Wednesday, October 15, 2003


Here is the third question from the series given for the Poetry & Empire retreat:


How do the structures of poetic communities resist or reinforce existing categories of power and influence?


In “The Political Economy of Poetry,” which you can find in The New Sentence – still in print & available through SPD – I attempted to sketch out an idea that


the social organization of contemporary poetry occurs in two primary structures: the network and the scene. The scene is specific to a place. A network, by definition, is transgeographic. Neither mode ever exists in a pure form. Networks typically involve scene subgroupings, while many scenes (although not all) build toward network formations. Individuals may, and often do, belong to more than one of these informal organizations at a time. Both types are essentially fluid and fragile. . . .

          Critical to the distinction between these structures are the methods of communication available to their members. . . . Because capital, of which there is so little in poetry, is necessary for the elements of network formation, competition exists between networks and scenes. Underneath lies a hidden assumption of the hierarchical ordering of these groups, and the idea that one can be the dominant or hegemonic formation according to some definition, at least for a period of time. Definitions vary, but major components include monetary rewards, prestige (often called influence), and the capacity to have one’s work permanently in print and being taught.


In the 22 years since I first published those words simultaneously in L=A=N=G=U=A=G=E & Open Letter, I have never had occasion to doubt the broader strokes of that very general description. One could take a look at a wide range of literary social phenomena under these terms. The New Brutalists, for example, could be viewed as a scene (younger post-avant poets in the Bay Area) with some network connections, especially to writers in Massachusetts, although I suppose one could take a much narrower genealogical view (former writing students from Mills) as well. Flarf, on the other hand, seems primarily a network phenomenon. As does poetry blogging. [Does poetry blogging have scene implications? It seems quite prevalent among younger writers in the Bay Area, Boston & New York, much less so here in Philly & less still in such locales as San Diego or DC.]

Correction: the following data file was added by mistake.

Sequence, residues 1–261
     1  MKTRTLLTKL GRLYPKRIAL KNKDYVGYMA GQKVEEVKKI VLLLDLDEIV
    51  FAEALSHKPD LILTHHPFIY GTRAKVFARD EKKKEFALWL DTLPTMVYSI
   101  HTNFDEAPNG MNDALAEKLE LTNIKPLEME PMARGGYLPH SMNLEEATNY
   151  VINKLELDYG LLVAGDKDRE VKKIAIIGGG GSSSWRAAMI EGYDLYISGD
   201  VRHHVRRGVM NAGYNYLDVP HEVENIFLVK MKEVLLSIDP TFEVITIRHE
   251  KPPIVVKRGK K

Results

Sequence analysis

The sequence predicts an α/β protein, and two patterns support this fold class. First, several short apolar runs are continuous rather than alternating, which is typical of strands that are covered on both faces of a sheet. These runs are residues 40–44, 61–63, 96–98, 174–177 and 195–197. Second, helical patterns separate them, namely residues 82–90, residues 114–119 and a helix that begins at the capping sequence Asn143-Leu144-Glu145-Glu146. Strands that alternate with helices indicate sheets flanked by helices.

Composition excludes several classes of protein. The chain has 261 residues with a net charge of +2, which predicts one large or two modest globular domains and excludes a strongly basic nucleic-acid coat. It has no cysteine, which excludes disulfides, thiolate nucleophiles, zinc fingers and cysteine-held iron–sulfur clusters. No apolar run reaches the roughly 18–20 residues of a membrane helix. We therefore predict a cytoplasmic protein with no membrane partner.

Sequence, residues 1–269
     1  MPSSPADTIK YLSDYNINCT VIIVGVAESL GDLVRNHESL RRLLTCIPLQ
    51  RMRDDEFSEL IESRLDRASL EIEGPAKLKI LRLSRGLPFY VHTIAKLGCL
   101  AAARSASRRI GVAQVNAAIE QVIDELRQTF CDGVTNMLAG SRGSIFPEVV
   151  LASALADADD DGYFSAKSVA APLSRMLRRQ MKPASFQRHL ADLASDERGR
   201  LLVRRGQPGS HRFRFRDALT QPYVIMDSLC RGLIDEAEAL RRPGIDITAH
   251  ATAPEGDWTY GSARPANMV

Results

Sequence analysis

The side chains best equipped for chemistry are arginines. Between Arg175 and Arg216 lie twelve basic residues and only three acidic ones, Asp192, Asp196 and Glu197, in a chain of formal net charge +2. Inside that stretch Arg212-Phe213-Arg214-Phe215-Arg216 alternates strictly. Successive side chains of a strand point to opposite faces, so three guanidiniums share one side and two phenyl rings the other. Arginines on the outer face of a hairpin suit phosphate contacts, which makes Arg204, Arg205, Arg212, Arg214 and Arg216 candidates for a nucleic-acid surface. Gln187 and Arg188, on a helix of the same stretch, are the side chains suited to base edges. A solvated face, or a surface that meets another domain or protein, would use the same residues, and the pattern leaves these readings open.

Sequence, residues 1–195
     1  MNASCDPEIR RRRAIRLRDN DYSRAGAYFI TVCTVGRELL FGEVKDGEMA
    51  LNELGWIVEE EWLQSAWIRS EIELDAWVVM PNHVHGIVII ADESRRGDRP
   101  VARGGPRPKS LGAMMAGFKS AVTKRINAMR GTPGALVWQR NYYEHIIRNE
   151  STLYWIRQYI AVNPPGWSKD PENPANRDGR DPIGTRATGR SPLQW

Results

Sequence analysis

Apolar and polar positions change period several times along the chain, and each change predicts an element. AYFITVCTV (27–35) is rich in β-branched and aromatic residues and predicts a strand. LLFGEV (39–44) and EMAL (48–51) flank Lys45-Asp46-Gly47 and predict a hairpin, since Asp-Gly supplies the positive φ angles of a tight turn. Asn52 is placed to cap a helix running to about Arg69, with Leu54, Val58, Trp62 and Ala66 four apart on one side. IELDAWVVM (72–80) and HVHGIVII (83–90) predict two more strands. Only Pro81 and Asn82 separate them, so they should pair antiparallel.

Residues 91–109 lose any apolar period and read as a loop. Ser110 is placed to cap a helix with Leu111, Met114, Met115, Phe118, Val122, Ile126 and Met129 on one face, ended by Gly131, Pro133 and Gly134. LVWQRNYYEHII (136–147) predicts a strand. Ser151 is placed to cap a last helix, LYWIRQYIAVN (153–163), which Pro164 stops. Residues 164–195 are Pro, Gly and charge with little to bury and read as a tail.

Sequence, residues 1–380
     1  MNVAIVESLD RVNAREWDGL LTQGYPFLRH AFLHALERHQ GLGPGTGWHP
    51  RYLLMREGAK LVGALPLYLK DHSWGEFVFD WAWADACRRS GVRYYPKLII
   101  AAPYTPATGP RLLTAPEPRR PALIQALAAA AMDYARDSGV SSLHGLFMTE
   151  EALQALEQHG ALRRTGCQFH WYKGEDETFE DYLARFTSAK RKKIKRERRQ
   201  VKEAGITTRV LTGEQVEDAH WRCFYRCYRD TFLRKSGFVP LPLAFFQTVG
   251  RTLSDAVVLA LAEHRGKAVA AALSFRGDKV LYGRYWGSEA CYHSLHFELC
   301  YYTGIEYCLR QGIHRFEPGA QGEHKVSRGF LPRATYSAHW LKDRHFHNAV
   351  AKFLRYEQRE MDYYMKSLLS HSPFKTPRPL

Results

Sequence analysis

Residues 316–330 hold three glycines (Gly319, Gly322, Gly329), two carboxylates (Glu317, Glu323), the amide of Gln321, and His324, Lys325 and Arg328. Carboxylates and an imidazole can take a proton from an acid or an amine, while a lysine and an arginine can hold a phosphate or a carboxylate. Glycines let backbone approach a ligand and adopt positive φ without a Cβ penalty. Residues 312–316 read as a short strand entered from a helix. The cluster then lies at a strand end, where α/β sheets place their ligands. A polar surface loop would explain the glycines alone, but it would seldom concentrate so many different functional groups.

To the person who is certain to write & ask if the advent of the Internet has transformed or eliminated the need for capital as a prerequisite for a network, the answer is “only partly.” The number of the world’s people who have access to the web on a daily basis is still something like three percent. More common than the flarfer working a day job in a marketing agency in Manhattan is the central Asian nomad. So, yes, it is possible to establish a network of some sort at a far lower cost in 2003 than in 1981, but really only in the so-called First World. A far more important question – not one that I’m ready to handle in any depth here – is how the establishment of a network changes the formation itself. Of the 180 or so poets & poetry related blogs listed on my blogroll to the left, for example, there are exactly 28 by people* whom I either read previously or at least knew through their activity in some other poetry realm, such as a listserv. Which means that over 150 of these poetry bloggers, over 80 percent, are new to my experience within the last 15 months.